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Maessen-Visch, MB & van Montfrans, C 2016, 'Wound dressings, does it matter and why?' Phlebology, vol. 31, no. 1 Suppl, pp. 63-7. https://doi.org/10.1177/0268355516633383

Wound dressings, does it matter and why? / Maessen-Visch, Marjolein Birgitte; van Montfrans, Catherine.

In: Phlebology, Vol. 31, No. 1 Suppl, 03.2016, p. 63-7.

Research output: Contribution to journalArticleAcademicpeer-review

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AU - van Montfrans, Catherine

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N2 - Compression therapy and treating venous insufficiency is the standard of care for venous leg ulcers. The need for debridement on healing venous leg ulcers is still debated. Dressings are often used under compression bandages to promote faster healing and prevent adherence of the bandage to the ulcer. A wide range of dressings is available, including modern dressings with different kinds of biological activity. Microbial burden is believed to underlie delayed healing, but the exact role of microbiofilm in wound healing is uncertain. Before choosing a specific wound dressing, four main functions should be considered: (1) cleaning, (2) absorbing, (3) regulating or (4) the necessity of adding medication. There is no clear evidence to support the use of one dressing over another, as demonstrated by many Cochrane review studies. In addition, the prescriber should enquire about contact allergies that may also develop during wound treatment. It is shown that early intervention and early investment may reduce the cost of treatment. The choice of wound dressings should be guided by cost, ease of application and patient and physician preference and be part of the complete strategy. The role of the medical specialist is evident. Wound dressings matter as part of the optimal treatment in VLU patients.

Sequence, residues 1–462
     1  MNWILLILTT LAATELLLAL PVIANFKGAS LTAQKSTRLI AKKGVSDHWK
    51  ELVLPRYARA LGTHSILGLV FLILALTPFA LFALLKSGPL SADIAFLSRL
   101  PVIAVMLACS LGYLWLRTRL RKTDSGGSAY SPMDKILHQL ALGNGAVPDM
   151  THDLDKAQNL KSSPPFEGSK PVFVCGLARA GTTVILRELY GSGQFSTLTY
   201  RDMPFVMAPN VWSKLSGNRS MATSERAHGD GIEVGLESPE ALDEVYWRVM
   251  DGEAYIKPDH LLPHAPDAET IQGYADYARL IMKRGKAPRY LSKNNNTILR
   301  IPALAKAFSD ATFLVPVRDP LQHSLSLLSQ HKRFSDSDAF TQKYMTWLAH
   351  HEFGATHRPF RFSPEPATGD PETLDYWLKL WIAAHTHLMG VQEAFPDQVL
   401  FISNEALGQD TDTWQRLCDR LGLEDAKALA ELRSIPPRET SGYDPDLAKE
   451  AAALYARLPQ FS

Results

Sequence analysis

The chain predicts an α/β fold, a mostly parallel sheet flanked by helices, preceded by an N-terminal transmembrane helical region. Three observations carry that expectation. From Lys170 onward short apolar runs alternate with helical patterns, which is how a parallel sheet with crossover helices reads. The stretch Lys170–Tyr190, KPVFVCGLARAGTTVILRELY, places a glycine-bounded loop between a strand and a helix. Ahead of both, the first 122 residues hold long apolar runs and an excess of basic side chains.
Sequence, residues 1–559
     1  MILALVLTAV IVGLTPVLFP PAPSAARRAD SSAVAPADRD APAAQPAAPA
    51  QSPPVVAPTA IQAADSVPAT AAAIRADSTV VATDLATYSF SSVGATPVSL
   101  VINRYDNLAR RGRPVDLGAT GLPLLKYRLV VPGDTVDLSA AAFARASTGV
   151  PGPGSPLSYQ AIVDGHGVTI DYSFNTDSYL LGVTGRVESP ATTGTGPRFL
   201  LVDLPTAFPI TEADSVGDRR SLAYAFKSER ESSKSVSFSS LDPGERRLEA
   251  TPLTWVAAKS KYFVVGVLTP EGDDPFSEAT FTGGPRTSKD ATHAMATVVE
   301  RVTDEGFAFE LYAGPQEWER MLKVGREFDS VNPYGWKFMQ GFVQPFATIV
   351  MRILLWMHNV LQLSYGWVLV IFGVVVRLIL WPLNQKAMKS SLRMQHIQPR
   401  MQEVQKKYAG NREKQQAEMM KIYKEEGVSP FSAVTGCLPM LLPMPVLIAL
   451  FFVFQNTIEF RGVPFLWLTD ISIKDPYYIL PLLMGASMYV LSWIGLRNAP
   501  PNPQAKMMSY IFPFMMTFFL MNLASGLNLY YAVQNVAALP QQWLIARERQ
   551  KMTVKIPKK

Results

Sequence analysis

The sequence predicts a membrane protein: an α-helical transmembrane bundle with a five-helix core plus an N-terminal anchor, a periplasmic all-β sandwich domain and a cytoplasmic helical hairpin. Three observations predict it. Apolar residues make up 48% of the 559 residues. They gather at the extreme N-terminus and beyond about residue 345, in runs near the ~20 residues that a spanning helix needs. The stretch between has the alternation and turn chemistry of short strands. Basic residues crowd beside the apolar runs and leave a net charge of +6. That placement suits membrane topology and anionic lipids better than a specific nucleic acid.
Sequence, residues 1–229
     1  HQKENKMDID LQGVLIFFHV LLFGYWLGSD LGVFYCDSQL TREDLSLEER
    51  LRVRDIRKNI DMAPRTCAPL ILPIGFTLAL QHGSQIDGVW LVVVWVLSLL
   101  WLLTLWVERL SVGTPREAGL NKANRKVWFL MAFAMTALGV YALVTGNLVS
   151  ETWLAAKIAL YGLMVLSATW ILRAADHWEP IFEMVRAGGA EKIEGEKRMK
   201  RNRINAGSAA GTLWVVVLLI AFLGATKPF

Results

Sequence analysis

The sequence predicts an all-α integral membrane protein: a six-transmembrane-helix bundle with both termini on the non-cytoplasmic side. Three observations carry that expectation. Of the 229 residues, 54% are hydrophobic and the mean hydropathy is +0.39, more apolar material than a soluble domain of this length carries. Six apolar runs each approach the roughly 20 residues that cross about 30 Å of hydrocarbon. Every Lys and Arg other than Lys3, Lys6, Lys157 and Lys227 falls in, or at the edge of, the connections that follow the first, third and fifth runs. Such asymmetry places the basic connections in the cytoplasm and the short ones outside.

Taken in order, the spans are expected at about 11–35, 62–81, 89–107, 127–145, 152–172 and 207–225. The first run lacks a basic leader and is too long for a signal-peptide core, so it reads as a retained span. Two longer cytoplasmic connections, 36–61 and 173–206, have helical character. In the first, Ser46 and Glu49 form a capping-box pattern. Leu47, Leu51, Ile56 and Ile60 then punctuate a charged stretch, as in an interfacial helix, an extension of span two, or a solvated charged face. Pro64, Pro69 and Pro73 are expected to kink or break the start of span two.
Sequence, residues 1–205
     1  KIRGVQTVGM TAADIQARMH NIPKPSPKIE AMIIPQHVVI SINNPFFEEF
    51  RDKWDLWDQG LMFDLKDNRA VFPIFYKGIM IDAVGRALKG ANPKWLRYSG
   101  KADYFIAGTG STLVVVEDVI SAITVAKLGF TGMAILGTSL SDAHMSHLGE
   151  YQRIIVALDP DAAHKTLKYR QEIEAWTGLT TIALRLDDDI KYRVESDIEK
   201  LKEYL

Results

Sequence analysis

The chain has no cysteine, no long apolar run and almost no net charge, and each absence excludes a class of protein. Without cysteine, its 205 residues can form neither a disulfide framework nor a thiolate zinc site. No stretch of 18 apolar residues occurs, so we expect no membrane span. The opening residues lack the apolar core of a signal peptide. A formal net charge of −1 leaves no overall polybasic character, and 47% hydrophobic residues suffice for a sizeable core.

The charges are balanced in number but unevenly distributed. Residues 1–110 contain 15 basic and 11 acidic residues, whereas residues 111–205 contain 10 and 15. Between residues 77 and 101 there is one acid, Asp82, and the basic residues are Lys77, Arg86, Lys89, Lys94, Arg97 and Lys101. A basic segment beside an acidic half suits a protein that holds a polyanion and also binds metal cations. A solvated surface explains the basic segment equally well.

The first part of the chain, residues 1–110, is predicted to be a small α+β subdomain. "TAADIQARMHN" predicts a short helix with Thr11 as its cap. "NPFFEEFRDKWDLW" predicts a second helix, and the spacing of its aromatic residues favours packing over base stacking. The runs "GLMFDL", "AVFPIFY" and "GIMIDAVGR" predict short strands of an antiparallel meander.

AB - Compression therapy and treating venous insufficiency is the standard of care for venous leg ulcers. The need for debridement on healing venous leg ulcers is still debated. Dressings are often used under compression bandages to promote faster healing and prevent adherence of the bandage to the ulcer. A wide range of dressings is available, including modern dressings with different kinds of biological activity. Microbial burden is believed to underlie delayed healing, but the exact role of microbiofilm in wound healing is uncertain. Before choosing a specific wound dressing, four main functions should be considered: (1) cleaning, (2) absorbing, (3) regulating or (4) the necessity of adding medication. There is no clear evidence to support the use of one dressing over another, as demonstrated by many Cochrane review studies. In addition, the prescriber should enquire about contact allergies that may also develop during wound treatment. It is shown that early intervention and early investment may reduce the cost of treatment. The choice of wound dressings should be guided by cost, ease of application and patient and physician preference and be part of the complete strategy. The role of the medical specialist is evident. Wound dressings matter as part of the optimal treatment in VLU patients.

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Maessen-Visch MB, van Montfrans C. Wound dressings, does it matter and why? Phlebology. 2016 Mar;31(1 Suppl):63-7. https://doi.org/10.1177/0268355516633383